6a. The role of citizen as activist begins to clarify here, even as the failures of activism reveal themselves all too painfully. 3 years after Katrina, I walk in neighborhood of waist high grasses. Half the houses are graffiti-ed husks, the spray markings indicating bodies, dead or alive. But families still live here & will never live. Many have known no other home and/or have no means to leave.

6b. My sheepish white body knocking delicately on the doors. A face or half a body peers out from inside what I recognize as not-my-world. I ask them, “Are you voting for Barack Obama in the primary?”

6c. I guess I still believe in American Dream here. (Though the notion of elected officials representing me will all but evaporate soon after.)

7. I leave Louisiana once I realize I see myself stagnant. Against the flat ground and stagnant air, there’s an endless cycling back of broken apart promises. Now at Goddard College, I make the decision in April 2010 to move to the city of myth, to the city where I think I can become a full citizen—New York.

8. When I first get there I have maybe 600 dollars, a single suitcase, and the chorus from “New York, New York.” Does what happens here get me any closer to defining what it means to be a citizen? Maybe, if to live as a citizen is to inhabit a violent and contradictory world.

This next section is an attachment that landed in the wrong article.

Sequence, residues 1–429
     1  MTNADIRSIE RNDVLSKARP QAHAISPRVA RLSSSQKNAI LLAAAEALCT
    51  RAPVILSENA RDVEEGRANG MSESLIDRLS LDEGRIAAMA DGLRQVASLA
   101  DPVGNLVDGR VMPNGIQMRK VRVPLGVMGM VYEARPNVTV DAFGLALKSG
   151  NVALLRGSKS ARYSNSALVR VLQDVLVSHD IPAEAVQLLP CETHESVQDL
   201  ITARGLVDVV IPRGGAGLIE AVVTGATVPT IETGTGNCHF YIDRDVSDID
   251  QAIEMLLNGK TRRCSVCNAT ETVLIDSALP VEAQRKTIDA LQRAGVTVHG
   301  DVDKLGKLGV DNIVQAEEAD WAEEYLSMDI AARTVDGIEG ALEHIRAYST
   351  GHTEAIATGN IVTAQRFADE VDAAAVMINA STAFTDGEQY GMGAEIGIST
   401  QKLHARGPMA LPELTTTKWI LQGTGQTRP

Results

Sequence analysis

8a. If you move to New York with 600 dollars, except to eat a lot of dollar slices of pizza or live at the mercy of friends. I did both, moving from place to place every couple weeks. Sitting on a new subway line every move, I wondered what people must think of me or where I was going.

8b. If you move to New York and you’re a man who likes to fuck other men, you’ll probably not use a condom at least once. This practice, for me, was at odds with the White Columns exhibit on ACT UP I’d seen. Ghostly bodies everywhere as I meet a French guy from Grindr at the Hell’s Kitchen Starbucks.

8.1b. I don’t ask him if we should use a condom back at his hotel room. We just slip inside of each other, as if we’re each other’s shirt. But the next morning, as I walk a few blocks to my assistant job in the downpour, there’s so much guilt for the ghosts from those exhibits.

8c. If you move to New York, the promise of proximity may turn out to be something different than you expected. More people than anywhere else pass ideas between each other. But racial segregation and self-segregation along other lines is all too evident.

9. I just had gotten fired from my job unexpectedly in early March 2011. (Increasingly I get heated about the lack of job security, these days. About how, with a single proclamation, most of my livelihood is lost & I am alone.

But a departure from that situation manages to occur. My friend is in town and the first break of winter at least perpetuates some myth of rebirth. We grab coffee and walk west down 13th, as any two faggots might do on a similar warm morning.

9a. I’ve told this story too many times, so I will not repeat in excruciating detail. I will only say on 13th past 7th Ave, a young stranger came up from behind me. Three hard punches to the face & I stare up—looking at, but also somehow tasting, wrought iron.

9b. In this aftermath, this is the second closest thing that happens that makes me assume I’d be living a lie.

9.1b. Except now, unlike 2006 in Great Barrington, I’ve already seen the things that will happen next. Just not so completely in my body, not so much as how a single act of violence eviscerates the myth of the body as citizen.